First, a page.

White Denim’s giddy mix of garage rock, psych and rockabilly is at its most intoxicating when played fast and loose. The band’s muscular performances and slick interplay give much of their latest album, ‘Stiff’, a sense of purpose and power. Opener, ‘Had to Know (personal)’ is as clear an example as any, with its sharp, interlocked guitar sweeps and the propulsive energy which radiates from Jeff Olson’s rattling drums. What’s clear immediately is that the band’s original strengths are completely unchanged.
But since the band’s breakthrough on 2008’s ‘Workout Holiday’, many things have changed. This earlier material, while just as focused on exciting rock interplay, came armed with a satisfyingly raw recording and a thick layer of psychedelic haze. With 2013’s ‘Corsicana Lemonade’, the band aimed for a sunnier sound, indebted to melodic pop songwriting as much as their greasy rock roots. The results were tamer than what had come before, but the band’s performances managed to sell the transition. ‘Stiff’ largely continues down the same path, but with disappointingly bland results, in parts.
There’s no shame in the obvious influences propelling White Denim’s sound; part of their appeal lies in the warm familiarity of their blues rock musicianship. Sadly, ‘Stiff’ takes a generic approach to songwriting that weakens this appeal, when the earlier rawness has been removed from the equation. ‘Take it Easy’ makes a potentially interesting dive into mellow romantic songwriting, but without the exhilarating instrumentation backing James Petrelli’s vocal, the weakness of his melodies and lyrics become glaringly obvious. Built on a slew of slow jam cliques – “Take It easy”, “I’m not proud of my mistakes” “You’re all that I need”, etc. – the song reads as a grocery list instead of a meaningful love song. This trend sadly continues onto ‘Big Big Fun’ and its unconvincing bravado. The lethargic track is complete with a 70’s ‘wah wah’ guitar lick that feels fit for a scene of awkward banter in a bad TV cop show. It’s uncomfortably mid-tempo stuff.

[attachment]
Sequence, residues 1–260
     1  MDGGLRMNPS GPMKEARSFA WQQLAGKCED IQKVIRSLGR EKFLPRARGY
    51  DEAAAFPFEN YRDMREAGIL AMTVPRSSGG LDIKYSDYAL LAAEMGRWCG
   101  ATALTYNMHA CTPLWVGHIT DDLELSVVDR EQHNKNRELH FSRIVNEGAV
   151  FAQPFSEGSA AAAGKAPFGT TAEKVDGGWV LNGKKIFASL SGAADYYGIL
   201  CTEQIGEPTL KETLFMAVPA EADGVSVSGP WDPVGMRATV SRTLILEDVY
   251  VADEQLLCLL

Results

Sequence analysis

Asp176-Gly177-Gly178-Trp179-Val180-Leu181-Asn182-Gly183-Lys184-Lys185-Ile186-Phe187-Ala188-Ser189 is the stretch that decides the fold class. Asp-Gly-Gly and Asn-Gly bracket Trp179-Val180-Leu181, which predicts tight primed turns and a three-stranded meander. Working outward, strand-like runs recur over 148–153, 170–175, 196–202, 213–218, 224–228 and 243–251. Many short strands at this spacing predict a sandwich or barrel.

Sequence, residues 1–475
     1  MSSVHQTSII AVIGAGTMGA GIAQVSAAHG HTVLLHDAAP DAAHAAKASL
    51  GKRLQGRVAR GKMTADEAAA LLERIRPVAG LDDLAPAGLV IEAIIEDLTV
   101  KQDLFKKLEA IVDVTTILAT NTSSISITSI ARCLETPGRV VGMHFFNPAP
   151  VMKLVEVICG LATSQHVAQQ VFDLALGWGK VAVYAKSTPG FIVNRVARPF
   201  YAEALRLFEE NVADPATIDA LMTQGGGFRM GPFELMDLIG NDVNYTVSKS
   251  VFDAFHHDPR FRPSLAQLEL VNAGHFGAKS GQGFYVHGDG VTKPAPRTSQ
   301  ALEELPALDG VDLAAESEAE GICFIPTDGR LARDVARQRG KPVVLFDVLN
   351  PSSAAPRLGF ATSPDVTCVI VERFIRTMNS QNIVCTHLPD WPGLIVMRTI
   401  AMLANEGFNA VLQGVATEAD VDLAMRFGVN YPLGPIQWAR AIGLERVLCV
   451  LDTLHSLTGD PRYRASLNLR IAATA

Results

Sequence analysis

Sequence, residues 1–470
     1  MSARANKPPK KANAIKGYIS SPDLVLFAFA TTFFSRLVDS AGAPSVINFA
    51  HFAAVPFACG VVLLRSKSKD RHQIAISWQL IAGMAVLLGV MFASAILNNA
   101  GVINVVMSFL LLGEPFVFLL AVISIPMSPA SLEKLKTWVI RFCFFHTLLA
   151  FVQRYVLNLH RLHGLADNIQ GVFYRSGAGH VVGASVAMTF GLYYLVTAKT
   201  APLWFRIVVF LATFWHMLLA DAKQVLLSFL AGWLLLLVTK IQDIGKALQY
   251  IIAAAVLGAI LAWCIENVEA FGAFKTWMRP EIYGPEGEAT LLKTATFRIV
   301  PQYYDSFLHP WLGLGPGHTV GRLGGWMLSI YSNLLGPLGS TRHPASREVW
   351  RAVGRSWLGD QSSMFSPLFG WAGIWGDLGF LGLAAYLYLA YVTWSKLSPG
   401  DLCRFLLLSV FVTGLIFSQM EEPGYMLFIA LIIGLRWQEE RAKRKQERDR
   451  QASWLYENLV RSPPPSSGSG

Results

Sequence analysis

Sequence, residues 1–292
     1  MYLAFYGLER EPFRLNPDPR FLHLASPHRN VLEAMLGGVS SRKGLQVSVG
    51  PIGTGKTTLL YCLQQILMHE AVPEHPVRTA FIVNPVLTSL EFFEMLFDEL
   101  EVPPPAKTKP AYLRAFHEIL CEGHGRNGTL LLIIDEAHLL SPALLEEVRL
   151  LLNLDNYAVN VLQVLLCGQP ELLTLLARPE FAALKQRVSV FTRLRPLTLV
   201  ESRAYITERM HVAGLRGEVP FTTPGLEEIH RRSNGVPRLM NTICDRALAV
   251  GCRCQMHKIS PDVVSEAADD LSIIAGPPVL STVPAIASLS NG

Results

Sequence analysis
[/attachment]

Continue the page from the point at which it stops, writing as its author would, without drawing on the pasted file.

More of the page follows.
Luckily, the album does have its share of highlights, such as the sharp guitar noodling on ‘Holda You’, which takes the group’s ‘Marquee Moon’ influence and moulds it into something utterly undeniable. Songs like these actually make use of the band’s newfound clarity rather than settling for generic writing. The same could be said a track like ‘Mirrored in Reverse’ which embraces their generic nature to satisfy a taste for blues rock bombast. Still, this track makes apparent the faceless presentation plaguing White Denim’s music; with their sanitised production and bright exterior, they could easily be mistaken for the Black Keys.
There are countless bands working with White Denim’s formula, and for a long time, their punchy performances helped them stand out from the pack. Fans of the band will find a lot to like here, but the lack of interesting song topics or sonic textures pushes the band further into the background.
‘Stiff’ is out on the 26th March via Downtown Records.
This White Denim review was written by Stephen Butchard, a GIGsoup Contributor. Edited by Adam Skirving.